Using Technology to Remain Financially Fit

Are you interested in trying a new bank technology but not sure what’s available? Look no further! Technology is almost limitless and staying up to date can help make your life a bit easier. FDIC Consumer News offers an overview of some current services and most of them are free!

 

Personal Financial Management and Budgeting: Financial planning tools are one way to stay financially fit. One great tool is an electronic check register on your home computer (many consumers find this much easier to use and balance than an old-fashion paper check register.) There are also “companion applications” for your smartphone that allows access to your electronic check register wherever you are.

Mobile banking services go one step further. They allow you to access your bank account from anywhere using your smartphone, iPad, computer or other device. According to FDIC Consumer News “an estimated 30 million Americans currently manage their finances using mobile devices.”

Think about this? Let’s say you are in a store and trying to decide upon a major purchase, you would need to know if you have enough money in your account to cover the cost. If you’re balance is low, you can use mobile banking to transfer funds from one account to another, in order to cover the charge.

Depositing checks using your smartphone or other mobile device: Many banks have rolled out a “remote deposit capture” (RDC) feature. We, at Community Bank of the Chesapeake, like to call it “mobile deposit capture.” This is a feature that allows customers to take a picture of a check with their mobile device and deposit that check electronically, without the interruption of visiting a branch or using an ATM. This is convenient for customers who do not live or work close to a bank branch, yet would like their money ASAP.

If you use mobile RDC, carefully keep track of the checks you deposit. For instance, you can write the date you deposited the item on the front of the paper check and hold onto it until the check has cleared and the money is in your account. We recommend holding it for 5 business days! Then you can destroy the check, preferably using a high-quality paper shredder. Contact us with any questions.

Account Alerts: Community Bank of the Chesapeake and most mobile banking systems, will allow you to sign up to get text messages on your mobile phone or e-mails if your account balance drops below a set dollar amount, which can help ensure that you don’t overdraw your account. We also call if we observe “suspicious” — potentially fraudulent — transactions involving your account. Setting up mobile alerts is a convenient and safe way to monitor what is going on with your checking account in real time!

Bill Paying: Paying bills through your mobile device or computer is just another way technology makes your life easier. Imagine you forgot to send your check in the mail and your bill is due! With Bill Pay your e-bills can be scheduled and set for auto pay, making sure you’re never late on a payment. Tip: We even let you create an “approved list” on our bank’s online banking web site.

As with any mobile banking service, always check with us before signing up to make sure you know about fees or other key factors.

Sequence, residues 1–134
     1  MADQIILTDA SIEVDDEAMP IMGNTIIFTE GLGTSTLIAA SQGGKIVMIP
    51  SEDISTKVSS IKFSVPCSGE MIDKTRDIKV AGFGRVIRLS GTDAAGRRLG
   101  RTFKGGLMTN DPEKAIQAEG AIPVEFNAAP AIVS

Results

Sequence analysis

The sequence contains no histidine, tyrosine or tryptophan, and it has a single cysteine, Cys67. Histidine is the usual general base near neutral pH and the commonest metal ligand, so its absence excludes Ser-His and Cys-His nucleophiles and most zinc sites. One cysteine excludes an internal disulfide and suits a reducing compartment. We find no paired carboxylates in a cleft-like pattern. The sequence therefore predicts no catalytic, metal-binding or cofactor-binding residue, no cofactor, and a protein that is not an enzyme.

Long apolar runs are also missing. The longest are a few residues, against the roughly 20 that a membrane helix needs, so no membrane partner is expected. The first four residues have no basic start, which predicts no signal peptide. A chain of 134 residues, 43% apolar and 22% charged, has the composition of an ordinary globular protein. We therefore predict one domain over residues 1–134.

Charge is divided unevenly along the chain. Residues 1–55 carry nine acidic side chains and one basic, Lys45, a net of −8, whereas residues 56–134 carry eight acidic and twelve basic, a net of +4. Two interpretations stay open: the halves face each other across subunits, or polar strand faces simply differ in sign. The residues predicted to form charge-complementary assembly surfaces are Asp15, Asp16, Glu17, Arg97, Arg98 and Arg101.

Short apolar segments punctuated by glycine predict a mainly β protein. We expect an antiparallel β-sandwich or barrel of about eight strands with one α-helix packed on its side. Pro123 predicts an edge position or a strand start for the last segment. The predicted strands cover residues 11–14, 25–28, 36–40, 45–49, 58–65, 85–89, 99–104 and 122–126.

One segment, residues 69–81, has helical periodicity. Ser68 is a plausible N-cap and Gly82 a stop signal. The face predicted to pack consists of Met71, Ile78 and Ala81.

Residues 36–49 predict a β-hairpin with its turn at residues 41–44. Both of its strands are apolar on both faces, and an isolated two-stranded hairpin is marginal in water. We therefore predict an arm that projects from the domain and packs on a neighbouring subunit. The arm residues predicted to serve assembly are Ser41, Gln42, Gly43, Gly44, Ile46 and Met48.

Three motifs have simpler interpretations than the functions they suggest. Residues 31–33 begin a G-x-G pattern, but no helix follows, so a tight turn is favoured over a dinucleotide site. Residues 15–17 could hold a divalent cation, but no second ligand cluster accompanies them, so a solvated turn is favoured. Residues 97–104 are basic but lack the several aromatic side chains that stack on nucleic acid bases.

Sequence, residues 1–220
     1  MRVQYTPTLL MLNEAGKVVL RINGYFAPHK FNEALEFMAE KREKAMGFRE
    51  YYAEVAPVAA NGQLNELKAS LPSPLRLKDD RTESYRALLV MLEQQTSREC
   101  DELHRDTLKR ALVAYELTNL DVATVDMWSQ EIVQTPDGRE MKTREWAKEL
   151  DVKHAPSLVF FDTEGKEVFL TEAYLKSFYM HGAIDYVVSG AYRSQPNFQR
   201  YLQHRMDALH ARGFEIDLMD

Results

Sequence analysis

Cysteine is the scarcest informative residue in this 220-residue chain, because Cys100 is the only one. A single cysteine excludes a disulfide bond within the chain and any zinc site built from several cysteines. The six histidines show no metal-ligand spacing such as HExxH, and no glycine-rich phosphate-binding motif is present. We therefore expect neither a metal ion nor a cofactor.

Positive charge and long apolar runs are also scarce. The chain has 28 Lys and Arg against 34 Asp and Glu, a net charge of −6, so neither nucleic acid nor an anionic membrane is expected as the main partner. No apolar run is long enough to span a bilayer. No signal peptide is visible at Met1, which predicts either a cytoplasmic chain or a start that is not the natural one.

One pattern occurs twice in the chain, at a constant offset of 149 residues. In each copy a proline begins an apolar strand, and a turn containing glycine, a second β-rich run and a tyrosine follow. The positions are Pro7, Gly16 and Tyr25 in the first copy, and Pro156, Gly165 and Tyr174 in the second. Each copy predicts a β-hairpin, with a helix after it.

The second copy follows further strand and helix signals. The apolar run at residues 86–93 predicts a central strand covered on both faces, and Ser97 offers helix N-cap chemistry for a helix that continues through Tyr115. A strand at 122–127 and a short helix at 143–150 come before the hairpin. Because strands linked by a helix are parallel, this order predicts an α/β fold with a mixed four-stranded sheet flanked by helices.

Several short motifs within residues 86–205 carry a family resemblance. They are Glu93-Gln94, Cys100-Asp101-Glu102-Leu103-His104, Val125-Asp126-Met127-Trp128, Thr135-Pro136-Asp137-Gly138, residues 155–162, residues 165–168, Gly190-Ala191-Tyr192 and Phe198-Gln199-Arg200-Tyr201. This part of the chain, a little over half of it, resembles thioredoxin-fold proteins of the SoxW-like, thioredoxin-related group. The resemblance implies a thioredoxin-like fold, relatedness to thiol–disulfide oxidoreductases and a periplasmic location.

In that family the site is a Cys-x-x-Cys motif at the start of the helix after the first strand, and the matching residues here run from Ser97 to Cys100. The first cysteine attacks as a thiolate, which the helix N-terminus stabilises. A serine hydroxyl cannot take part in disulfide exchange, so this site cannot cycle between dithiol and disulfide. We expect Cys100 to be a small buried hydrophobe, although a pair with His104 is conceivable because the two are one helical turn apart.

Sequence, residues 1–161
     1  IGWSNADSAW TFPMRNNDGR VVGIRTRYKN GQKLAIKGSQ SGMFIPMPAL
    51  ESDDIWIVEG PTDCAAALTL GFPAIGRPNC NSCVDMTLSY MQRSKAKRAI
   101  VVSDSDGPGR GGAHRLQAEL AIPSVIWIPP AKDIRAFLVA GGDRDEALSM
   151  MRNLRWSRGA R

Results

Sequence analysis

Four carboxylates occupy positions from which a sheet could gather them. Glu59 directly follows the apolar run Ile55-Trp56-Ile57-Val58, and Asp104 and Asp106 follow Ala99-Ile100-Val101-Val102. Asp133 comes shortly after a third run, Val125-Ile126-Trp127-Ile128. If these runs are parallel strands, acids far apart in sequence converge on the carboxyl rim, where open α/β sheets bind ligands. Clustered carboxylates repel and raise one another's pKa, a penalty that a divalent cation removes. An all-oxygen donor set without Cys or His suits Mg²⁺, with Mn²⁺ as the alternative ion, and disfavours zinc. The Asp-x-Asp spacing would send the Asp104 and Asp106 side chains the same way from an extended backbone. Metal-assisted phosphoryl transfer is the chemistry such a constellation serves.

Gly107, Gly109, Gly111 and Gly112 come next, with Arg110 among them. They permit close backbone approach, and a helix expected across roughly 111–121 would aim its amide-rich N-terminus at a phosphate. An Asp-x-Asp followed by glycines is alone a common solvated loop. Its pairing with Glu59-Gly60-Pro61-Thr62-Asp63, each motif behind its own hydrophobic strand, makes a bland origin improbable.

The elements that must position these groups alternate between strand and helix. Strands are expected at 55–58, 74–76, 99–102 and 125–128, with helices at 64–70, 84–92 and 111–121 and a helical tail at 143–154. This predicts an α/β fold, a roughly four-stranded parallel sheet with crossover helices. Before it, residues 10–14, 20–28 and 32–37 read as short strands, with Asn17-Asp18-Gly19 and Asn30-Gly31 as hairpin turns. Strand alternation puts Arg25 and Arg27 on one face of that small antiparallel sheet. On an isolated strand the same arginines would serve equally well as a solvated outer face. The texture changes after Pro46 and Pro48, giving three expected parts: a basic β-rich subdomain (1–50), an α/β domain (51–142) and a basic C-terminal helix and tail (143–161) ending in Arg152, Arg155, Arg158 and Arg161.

Finally, when using any mobile financial service, keep privacy and security issues in mind. Protecting your devices with passwords is always a smart idea.

Tips for the New Year

 

 

It’s that time of year — the time to ring out the old and ring in the new, to ditch bad habits and replace them with good ones. We can’t guarantee you’ll lose weight, or become a better human being, but we can give you some suggestions to help you whip your finances into shape. Here are some tips for the New Year.Tips for the New Year

 

Save and invest. Don’t underestimate your ability to save and invest. With compound interest, even modest investments now can grow over time.

Lighten your credit load. Paying off high-interest debt may be your best investment strategy. Few investments pay off as well as, or with less risk than, eliminating high-interest debt on credit cards or other loans.

Boost your “rainy-day” fund. Many experts recommend keeping about six months of expenses in a federally insured account to cover sudden unemployment or other emergencies.

“Sure thing” is fine as an expression but not as an investment pitch. Promises of guaranteed high returns, with little or no risk, are a classic warning sign of fraud. The potential for greater returns typically comes with greater risk. You know the saying—if it sounds too good to be true, it probably is.

Take charge of your money. If you don’t know where it goes, start keeping track. There are plenty of tools to help you set a monthly budget and stick to it.

Pay yourself first. Put yourself at the top of your “payee” list. Regular automatic deductions from your paycheck or bank account into a savings or investment account will keep you on track toward your short and long-term financial goals.

Know your investment self. You’re the best judge of yourself. Use that knowledge to find investments that are a good match for you, based on your goals and your ability to tolerate risks.

Make sure your older investments still fit you. Take time to review your holdings and see if they’re still appropriate for you. If you’ve outgrown them, it’s probably time to sell them and buy something better suited to you.

Don’t put all your eggs in one basket. One way to reduce the risks of investing is to diversify your investment holdings. Think twice before investing heavily in shares of your employer’s stock or any single investment.